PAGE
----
Republican US presidential nominee Donald Trump and Democratic U.S. presidential nominee Hillary Clinton shake hands at the conclusion of their presidential town hall debate at Washington University in St. Louis, Missouri, US, October 9, 2016.
(photo credit: REUTERS)
When a notable number of American Jews on both sides of the political spectrum write Facebook posts threatening to make aliya if their opposing candidate wins the US presidential contest, it can be taken as a reliable sign that no matter who won, this particular election was bad for the Jews.
In part that's because no matter what the outcome, this campaign was without question the dirtiest battle ever for the White House, and probably the most divisive since the Civil War. The brutal partisan contest between Democrat Hillary Clinton and Republican Donald Trump brought out not only the worst in both candidates, but empowered fringe elements within both the conservative and liberal camps that were largely submerged in previous presidential races.
Those far-Right and far-Left constitutiences, among other extremist positions, also hold views on Jews and Israel that lie well out of the mainstream of most American political discourse. In previous presidential elections the main party candidates had the luxury to either completely ignore, or roundly dismiss, these attitudes. That was not the case this time around, and the impact on both the Trump and Clinton campaigns was undeniable.
Trump flirted rhetorically during his entire run with the apparently growing number of ``Alt Right'' reactionaries who reject traditional conservatism for a more openly xenophobic populism directed against minorities, immigrants and and mostly everyone outside the U.S. (with the possible exception of Russian leader Vladimir Putin). This revived isolationist outlook also includes adopting old conspiracy theories railing against a vague ``global economic order'' out to weaken America, that always seems to include a disproportionate number of Jewish financial figures.
Three of the latter – Federal Reserve Chairwoman Janet Yellin, Goldman Sachs CEO Lloyd Blankfein and investor George Soros – were the only indiviuals besides the Clintons singled out in Trump's final campaign advertisment as guilty of assisting the ``global special interests'' who ``have bled our country dry.'' This pitch earned a justified rebuke from the Anti-Defamation League for using images and rhetoric that ``touch on subjects that anti-Semites have used for ages,'' and would have been unthinkable in any Republican presidential campaign of the past half-century.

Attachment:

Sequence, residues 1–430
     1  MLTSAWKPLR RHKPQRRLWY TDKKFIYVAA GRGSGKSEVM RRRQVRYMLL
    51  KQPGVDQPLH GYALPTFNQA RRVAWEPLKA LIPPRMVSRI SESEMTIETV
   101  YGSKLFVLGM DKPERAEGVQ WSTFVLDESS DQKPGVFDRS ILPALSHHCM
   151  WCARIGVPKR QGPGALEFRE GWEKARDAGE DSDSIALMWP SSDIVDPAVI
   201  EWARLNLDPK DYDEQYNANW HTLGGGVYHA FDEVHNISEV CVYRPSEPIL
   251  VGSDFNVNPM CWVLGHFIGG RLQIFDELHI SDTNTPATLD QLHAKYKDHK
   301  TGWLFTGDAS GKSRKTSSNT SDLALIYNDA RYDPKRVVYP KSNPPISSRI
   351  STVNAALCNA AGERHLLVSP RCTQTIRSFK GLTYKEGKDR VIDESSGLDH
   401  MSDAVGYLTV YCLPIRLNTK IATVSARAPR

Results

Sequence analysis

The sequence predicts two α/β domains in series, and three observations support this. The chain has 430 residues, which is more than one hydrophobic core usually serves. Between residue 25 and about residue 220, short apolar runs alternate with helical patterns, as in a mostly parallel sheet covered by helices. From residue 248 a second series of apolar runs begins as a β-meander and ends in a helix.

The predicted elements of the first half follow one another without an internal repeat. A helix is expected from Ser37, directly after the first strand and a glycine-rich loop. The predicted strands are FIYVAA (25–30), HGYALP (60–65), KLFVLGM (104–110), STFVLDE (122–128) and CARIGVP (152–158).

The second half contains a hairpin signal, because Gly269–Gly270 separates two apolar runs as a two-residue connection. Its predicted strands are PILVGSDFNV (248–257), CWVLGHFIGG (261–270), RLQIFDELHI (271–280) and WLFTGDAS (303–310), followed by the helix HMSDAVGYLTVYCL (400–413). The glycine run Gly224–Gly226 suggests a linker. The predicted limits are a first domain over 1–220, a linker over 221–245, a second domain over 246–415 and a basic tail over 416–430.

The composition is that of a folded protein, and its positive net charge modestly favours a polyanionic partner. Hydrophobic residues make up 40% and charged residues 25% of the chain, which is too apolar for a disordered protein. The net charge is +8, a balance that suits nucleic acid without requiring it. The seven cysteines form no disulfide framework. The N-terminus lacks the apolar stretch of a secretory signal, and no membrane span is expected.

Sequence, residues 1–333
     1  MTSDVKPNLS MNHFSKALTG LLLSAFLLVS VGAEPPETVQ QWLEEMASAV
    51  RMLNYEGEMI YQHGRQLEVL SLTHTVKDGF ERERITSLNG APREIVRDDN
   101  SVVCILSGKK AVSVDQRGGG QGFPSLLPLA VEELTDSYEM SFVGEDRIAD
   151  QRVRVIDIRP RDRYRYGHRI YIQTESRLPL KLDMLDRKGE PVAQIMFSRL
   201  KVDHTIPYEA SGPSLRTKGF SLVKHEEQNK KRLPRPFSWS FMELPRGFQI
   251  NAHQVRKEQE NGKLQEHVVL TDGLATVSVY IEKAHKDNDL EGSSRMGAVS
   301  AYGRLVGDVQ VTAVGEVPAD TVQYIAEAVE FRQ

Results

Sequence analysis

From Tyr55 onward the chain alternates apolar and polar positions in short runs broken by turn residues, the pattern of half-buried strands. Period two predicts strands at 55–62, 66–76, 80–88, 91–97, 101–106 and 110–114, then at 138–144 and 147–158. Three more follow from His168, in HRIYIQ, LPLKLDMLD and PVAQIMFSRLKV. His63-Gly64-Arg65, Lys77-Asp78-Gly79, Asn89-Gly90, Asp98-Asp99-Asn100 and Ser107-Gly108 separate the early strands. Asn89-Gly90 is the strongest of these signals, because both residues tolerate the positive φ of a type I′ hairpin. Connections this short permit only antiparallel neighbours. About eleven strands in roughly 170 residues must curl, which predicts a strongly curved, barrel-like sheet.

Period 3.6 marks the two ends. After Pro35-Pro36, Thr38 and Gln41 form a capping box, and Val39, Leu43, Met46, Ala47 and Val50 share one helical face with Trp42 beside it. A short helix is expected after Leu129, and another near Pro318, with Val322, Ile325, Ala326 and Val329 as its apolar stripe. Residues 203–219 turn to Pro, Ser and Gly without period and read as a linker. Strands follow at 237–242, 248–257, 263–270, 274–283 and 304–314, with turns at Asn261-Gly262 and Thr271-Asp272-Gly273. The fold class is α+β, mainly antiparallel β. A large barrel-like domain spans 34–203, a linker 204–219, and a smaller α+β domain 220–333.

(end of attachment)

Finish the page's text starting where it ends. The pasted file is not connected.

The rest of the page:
The more politically extreme fringes of the Democratic party also found wider expression in this race, largely during Clinton's primary battle against Bernie Sanders. The independent Vermont senator adopts a far more negative position toward Israel than the majority of mainstream Democratic officeholders, and his supporters include a substantial constituency that take those views even further, including backing the BDS (Boycott, Divestment and Sanction) movement against Israel.
While Clinton differentiated herself from Sanders and his followers as regards supporting Israel during their primary battle, she has tread more carefully on the subject in comparison than past Democratic presidential contenders, including her husband.
Wiki-leaked emails from her campaign team included advice from several of her top advisors that she simply avoid mentioning support for Israel at Democratic public events, limiting those kind of statements for private fundraisers with potential Jewish donors – and this was even before the emergance of a ``Sanders wing'' of the party even more hostile to boilerplate expressions of support for the Jewish State.
That stance should have opened a door of opportunity for Trump in such battleground states as Pennsylvania and Florida, where Jewish voters can provide decisive help in tipping a close election. But like Clinton, and notably unlike other recent Republican presidential candidates, Trump also seemed more inclined to just ignore the subject of Israel, rather than risk alienating a segment of his constituency who look less favourably on U.S. dollars going to any foreign state, including the Jewish one.
This campaign-trail taciturnity on Israel was most notable during the three debates between Clinton and Trump, when Israel barely merited two glancing references, a striking contrast to the 30 call-outs the Jewish state got in the 2012 face-offs between Barack Obama and Mitt Romney.
A glass half-full perspective might take solace by recalling the last presidential race, when debate and media focus over the role of Israel in the race sometimes seemed way too prominent, especially when it focused on the implicit support Benjamin Netanyahu was allegedly providing Romney, and the outside influence of Sheldon Adelson's campaign contributions. Isn't a move in the other direction a preferable step?
Maybe – except when the pendulum swings so far it reaches the point when candidates start believing that expressions of support for Israel are best mentioned as little as possible in public, and rhetoric that harkens to ``The Protocols of the Elders of Zion'' creeps back into mainstream political discourse.
This election has clearly unsettled no small number of Jews in the U.S., and a share of those watching it unfold from abroad, as well. Whether this will turn out to be a passing phenomenon related strictly to this particular campaign, or a portent of trends that will only broaden in the American political landscape in the years to come, will ultimately determine just how much, if anything, was lost for Israel and the Jews in this election.